Mark Carney appeared in front of the UK treasury committee on Tuesday in which he delivered the latest financial stability report. Mr Carney continues to come under flack over comments made warning of the dire consequences a leave vote could have on the British economy. In particular, how much was the Bank’s independence compromised by conversations he had with the Chancellor ahead of the vote.
One is starting to get the sense that either the markets are thinking the election of Theresa May has somewhat changed the probabilities of a complete Brexit, despite the referendum and her public statements, or the prophets of doom are being discounted.
The FTSE 100 entered bull market territory, defined as a 20% recovery from the low point, (reached in February), on Monday post the confirmation of Theresa May as the incoming prime minister. The pound continues to recover from the lows of last week, and the US stock market has hit an all-time high. House and property stocks that were battered in the days post the vote continue to recover after their falls. It is so easy to talk oneself into a panic when the papers and persons in positions of authority appear to play on ordinary citizen fears.
Further evidence of calm after the storm, Siemens, the giant German industrial conglomerate, have now backed away from comments post Brexit that the leave vote would put a freeze on investment, promising to press ahead with original plans. British Land a few days ago announced the sale of its flagship Debenhams store for £400m, a deal that would have been arranged ahead of Brexit and completed post it. They have also announced further deals post the Brexit vote. The Telegraph reported that the Chinese may be open to a trade deal with the UK, as China is becoming frustrated with the EU. Dealing with one country is far easier than 27. Time will tell what the full impact of Brexit will be, if it happens, but after a few days of panic perhaps a sense of calm and reality is taking over and a realisation that with change comes opportunities as well as risks.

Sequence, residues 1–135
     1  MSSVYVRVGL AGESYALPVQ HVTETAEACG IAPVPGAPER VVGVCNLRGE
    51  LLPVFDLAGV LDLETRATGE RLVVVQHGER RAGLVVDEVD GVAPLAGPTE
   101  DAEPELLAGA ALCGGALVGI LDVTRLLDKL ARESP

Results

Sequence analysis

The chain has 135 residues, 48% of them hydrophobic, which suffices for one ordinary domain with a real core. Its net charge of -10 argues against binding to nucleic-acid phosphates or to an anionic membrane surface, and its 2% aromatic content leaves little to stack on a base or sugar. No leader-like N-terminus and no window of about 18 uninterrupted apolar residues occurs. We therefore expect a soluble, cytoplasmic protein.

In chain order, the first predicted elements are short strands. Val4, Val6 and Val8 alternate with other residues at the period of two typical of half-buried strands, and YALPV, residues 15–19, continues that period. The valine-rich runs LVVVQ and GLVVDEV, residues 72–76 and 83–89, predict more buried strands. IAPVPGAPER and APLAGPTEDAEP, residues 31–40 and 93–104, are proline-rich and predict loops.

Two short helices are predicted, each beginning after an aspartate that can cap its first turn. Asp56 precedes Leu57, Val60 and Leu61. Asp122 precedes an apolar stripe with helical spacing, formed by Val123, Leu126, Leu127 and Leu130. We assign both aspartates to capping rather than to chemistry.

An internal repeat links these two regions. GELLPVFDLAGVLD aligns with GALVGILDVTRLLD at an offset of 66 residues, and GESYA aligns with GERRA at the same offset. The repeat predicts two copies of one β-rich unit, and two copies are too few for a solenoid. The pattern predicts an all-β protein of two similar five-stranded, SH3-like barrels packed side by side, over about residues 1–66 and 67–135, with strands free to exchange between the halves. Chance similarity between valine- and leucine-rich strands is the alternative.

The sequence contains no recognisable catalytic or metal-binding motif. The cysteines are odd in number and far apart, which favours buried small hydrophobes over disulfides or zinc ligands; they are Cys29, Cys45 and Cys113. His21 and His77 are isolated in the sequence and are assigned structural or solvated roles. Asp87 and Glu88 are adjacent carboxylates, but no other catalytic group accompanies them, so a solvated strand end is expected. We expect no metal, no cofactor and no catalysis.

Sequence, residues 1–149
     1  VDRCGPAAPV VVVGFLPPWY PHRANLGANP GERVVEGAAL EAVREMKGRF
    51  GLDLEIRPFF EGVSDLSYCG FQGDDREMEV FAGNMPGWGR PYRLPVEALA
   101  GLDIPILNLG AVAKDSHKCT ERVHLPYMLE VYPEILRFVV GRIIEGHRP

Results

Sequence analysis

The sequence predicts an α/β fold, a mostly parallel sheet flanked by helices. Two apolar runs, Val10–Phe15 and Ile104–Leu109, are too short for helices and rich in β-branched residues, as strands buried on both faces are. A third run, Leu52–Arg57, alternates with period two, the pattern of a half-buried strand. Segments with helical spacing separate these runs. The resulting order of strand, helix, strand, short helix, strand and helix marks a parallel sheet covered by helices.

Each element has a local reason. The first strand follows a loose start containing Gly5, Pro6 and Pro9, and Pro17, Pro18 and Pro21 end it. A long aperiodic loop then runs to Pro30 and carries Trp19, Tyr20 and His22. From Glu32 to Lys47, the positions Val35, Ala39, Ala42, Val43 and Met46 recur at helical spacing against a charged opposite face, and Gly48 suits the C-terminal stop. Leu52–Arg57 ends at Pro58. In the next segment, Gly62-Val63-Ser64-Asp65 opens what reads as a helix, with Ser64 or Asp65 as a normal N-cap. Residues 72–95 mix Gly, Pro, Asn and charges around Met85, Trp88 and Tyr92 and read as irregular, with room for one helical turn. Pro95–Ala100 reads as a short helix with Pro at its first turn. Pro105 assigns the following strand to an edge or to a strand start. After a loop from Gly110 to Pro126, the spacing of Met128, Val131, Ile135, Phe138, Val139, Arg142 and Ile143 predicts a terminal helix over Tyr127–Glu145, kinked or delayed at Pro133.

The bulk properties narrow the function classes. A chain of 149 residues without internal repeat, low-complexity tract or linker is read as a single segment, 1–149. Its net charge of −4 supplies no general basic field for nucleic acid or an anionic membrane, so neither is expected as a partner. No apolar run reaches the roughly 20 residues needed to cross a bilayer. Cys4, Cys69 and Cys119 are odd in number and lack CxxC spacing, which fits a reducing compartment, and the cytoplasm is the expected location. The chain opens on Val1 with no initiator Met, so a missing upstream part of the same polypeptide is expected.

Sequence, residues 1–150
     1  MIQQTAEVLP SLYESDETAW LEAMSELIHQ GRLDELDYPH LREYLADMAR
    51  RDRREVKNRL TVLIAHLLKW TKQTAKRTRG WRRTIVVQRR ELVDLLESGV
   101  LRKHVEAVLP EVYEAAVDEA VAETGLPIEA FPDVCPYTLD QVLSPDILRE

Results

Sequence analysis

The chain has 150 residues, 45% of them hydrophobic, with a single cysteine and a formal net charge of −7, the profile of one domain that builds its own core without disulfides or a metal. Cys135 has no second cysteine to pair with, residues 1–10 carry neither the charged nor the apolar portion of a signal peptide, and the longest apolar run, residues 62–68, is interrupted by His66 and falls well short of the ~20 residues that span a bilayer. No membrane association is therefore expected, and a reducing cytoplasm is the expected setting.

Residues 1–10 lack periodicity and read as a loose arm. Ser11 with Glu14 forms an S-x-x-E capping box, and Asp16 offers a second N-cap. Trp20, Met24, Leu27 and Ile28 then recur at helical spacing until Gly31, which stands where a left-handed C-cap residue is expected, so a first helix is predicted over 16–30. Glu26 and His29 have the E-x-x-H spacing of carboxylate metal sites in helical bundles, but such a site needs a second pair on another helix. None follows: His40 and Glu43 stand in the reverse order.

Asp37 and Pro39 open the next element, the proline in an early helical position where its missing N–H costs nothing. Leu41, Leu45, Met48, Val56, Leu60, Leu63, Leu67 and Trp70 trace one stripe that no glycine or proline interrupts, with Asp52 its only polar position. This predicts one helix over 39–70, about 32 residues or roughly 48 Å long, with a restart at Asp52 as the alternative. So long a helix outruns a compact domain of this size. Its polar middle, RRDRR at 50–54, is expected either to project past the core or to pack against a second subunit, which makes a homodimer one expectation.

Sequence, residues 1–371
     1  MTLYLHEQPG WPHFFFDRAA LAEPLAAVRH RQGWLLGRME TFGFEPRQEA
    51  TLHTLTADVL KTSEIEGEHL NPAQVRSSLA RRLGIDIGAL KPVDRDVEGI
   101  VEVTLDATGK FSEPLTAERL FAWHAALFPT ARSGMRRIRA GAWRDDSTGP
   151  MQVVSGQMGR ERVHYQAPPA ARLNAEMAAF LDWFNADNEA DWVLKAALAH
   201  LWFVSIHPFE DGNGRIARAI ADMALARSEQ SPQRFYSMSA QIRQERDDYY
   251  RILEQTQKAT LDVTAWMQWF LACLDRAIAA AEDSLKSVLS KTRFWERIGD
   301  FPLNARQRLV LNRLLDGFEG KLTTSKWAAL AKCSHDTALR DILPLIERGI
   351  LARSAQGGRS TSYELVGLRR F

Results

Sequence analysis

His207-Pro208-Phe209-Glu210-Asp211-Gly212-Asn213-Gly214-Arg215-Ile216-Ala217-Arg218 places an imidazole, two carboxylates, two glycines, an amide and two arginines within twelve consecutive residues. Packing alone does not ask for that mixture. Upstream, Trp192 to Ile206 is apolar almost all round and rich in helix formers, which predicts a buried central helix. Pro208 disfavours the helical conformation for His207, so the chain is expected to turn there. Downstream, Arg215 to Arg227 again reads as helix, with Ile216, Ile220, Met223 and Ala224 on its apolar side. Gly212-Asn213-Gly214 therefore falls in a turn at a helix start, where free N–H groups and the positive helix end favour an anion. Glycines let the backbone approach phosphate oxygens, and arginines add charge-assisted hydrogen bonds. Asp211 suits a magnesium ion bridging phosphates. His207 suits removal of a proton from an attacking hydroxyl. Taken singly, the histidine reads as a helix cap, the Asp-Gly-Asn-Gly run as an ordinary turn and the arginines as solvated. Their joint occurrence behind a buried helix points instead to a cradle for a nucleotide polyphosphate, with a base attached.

On Thursday the Bank of England are expected to cut rates in response to the Brexit vote. The Financial Times reported that the Bank may follow the European Central Banks lead in announcing the purchase of corporate bonds. One has to question what either of these moves may do in reality, moving interest rates down from 0.5% to 0.25% is likely to have little impact on the average borrower or saver for that matter. It would seem more prudent to wait, see what the real impact is in the coming months and then if necessary look for additional measures. Our sense is we may cut and Mr McCafferty could well be popping his head out of the parapet once again in the coming months suggesting the decision should be reversed.